VALUE: Highlights the joy of the interaction of board games missing in video games.


Pick-up Sticks is a game where a bundle of ‘sticks’ are held in a loose bunch and released on a table top, falling in random disarray. On their turn a player must remove a stick from the pile without disturbing the remaining ones. If in the process of removing a ‘stick’ another ‘stick’ is
disturbed, a player’s turn is ended and play passes to the next player. When all the ‘sticks’ have been picked-up the game ends. Players score the ‘sticks’ they have picked up. The randomness of the initial drop of the ‘sticks’ with a resulting different pattern of locations and stacking of the sticks provides more challenging dexterity of play but yet simple to learn how to play.


PRO: Checkers is an age-old Move & Occupy game. It’s simplicity in goals and game play makes it a member of the new gamer’s introductory class. A game of Checkers, in some countries called Draughts, being a 2 player game can be played in about 15 minutes. Each player begins the game with 12 colored discs. The board consists of 64 squares, alternating between 32 dark and 32 light squares. Each player places his or her pieces on the 12 dark squares closest to him or her. Pieces always move diagonally. Single pieces are always limited to forward moves (toward the opponent). A piece making a capturing move (a jump) leaps over one of the opponent’s pieces, landing in a straight diagonal line on the other side. When a piece is captured, it is removed from the board. A player wins the game when the opponent cannot make a move. In most cases, this is because all of the opponent’s pieces have been captured, but it could also be because all of his pieces are blocked in.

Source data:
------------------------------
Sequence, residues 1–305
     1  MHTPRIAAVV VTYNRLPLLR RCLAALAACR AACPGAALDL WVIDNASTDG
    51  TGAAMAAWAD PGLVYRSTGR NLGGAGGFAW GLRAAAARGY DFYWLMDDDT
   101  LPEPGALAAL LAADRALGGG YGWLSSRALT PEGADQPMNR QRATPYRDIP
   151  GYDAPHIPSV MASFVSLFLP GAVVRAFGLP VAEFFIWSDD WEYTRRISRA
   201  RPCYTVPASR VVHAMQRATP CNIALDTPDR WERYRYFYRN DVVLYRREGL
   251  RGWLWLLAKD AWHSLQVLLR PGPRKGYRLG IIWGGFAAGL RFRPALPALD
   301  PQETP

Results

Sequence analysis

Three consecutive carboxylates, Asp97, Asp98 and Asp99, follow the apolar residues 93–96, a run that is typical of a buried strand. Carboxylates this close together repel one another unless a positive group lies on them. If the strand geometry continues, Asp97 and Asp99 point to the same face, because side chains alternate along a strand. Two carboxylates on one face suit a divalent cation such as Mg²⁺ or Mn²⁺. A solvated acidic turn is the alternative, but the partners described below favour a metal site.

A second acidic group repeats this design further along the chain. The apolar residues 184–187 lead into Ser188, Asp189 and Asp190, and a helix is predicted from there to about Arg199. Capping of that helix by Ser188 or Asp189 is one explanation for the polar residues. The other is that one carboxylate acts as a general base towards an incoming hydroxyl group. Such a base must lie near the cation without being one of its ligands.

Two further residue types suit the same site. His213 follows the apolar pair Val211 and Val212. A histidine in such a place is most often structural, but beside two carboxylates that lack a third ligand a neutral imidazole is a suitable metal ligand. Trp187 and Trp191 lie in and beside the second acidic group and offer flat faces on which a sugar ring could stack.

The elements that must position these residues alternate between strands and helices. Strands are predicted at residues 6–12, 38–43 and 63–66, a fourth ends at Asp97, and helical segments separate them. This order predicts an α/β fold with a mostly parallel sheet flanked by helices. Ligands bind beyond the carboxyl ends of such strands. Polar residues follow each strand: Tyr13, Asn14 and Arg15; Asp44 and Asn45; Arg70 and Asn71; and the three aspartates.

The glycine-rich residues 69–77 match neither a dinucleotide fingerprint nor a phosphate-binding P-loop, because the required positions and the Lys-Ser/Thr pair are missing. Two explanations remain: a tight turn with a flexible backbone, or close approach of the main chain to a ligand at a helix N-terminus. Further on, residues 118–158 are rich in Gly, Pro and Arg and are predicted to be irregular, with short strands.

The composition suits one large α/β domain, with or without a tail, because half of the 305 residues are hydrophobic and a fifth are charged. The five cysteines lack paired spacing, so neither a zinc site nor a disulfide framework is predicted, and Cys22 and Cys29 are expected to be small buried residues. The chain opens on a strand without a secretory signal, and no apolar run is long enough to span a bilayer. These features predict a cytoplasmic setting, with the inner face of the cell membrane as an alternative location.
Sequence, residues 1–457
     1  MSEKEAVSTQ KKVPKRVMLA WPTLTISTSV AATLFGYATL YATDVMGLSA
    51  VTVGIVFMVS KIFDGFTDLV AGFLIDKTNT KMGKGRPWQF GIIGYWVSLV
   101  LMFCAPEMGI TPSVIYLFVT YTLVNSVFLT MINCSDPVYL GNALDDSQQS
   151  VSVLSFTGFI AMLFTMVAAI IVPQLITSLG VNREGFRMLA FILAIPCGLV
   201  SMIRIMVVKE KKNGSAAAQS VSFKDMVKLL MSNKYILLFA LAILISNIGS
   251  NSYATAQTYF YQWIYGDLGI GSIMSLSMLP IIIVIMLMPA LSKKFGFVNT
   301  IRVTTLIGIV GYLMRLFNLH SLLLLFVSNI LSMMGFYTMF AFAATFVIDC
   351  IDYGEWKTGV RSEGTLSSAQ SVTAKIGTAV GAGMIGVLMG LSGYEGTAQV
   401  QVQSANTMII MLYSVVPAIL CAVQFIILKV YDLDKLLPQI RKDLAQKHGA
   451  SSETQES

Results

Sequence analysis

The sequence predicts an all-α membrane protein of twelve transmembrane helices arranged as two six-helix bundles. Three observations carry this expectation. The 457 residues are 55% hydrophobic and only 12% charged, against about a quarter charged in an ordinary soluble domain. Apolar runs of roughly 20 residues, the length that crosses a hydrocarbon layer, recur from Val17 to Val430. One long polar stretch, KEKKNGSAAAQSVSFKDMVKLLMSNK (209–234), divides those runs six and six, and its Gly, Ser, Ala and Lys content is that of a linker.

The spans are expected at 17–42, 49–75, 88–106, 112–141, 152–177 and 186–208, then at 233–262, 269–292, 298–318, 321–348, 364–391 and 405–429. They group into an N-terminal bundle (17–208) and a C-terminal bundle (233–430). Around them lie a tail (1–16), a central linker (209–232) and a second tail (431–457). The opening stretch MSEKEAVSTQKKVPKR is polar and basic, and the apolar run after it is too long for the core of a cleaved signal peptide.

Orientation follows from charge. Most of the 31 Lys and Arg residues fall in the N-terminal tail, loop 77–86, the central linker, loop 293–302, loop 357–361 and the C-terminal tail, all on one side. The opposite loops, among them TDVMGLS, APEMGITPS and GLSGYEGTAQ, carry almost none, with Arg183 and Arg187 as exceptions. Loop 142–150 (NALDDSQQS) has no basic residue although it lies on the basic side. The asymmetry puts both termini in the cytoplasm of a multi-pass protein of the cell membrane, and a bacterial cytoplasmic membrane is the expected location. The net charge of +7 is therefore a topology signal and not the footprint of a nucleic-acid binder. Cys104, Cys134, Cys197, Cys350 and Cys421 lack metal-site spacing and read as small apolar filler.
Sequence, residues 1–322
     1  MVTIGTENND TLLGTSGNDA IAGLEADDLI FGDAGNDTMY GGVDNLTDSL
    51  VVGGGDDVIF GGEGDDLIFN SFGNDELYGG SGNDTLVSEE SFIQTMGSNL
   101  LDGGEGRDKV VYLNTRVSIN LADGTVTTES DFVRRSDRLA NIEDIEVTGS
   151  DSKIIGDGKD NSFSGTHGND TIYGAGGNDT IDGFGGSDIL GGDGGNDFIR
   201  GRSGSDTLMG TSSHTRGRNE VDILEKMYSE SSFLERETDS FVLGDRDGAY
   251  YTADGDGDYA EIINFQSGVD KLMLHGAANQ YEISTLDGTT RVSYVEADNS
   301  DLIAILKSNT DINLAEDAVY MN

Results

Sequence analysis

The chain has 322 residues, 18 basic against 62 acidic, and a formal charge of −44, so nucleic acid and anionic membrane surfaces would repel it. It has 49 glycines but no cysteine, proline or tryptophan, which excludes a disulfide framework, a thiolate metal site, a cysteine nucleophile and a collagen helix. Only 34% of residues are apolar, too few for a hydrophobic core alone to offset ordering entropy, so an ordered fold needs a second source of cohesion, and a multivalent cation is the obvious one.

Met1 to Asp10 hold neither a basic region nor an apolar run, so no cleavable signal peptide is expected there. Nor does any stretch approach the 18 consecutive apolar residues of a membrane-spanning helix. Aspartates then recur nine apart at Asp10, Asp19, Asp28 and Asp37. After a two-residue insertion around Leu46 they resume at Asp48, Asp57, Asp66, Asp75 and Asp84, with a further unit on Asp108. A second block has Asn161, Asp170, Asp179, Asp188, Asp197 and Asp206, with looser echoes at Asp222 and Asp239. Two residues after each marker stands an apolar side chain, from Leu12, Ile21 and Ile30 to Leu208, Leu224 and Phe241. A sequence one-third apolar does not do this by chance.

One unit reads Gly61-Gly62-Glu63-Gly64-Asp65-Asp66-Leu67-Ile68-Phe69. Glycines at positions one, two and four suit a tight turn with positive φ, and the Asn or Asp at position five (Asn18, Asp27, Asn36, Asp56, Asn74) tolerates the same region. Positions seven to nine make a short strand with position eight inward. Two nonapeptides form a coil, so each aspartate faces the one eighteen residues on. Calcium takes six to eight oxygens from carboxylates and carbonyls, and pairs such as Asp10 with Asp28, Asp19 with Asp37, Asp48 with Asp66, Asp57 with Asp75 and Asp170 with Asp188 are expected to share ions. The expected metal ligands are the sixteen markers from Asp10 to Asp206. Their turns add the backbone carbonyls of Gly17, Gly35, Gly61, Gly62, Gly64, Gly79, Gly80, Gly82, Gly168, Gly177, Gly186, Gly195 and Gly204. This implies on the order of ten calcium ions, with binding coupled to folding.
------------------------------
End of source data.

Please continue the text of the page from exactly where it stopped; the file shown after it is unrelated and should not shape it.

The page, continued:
CON:Though Checkers challenges the player with choices in where they will move and how many jumps they will make capturing opponent’s pieces, the choices are still somewhat limited. The restriction on movement due to both players only having 1 type of playing piece with the same capabilities limits the challenges in a game of Checkers.
VALUE:Checkers introduces the new gamer to the concept of planning 1 or 2 turns ahead in order to increase the opportunities of multiple capturing jumps. Perhaps then this new gamer may move onto a more challenging game such as Chess.


The game of Chess begins with each player having 6 types of pieces which move differently giving it many more potential choices than Checkers. The most powerful piece is the queen and the least powerful piece is the pawn. The objective is to ‘checkmate’ the opponent’s king by placing it under an inescapable threat of capture. In most games of Chess both players experience more fun if they are of a comparable skill level. Some experienced chess player plan several moves ahead which is possible since there is no element of randomness. A more experienced player may enjoy a game with a player of a lower level of chess skills if they are grooming future competition.

As gamers, designers and publishers we should have an interest in growing the board gaming community. What better way to introduce non-gamers, especially young ones, to gaming than to use some of these less challenging but simpler to learn & play games.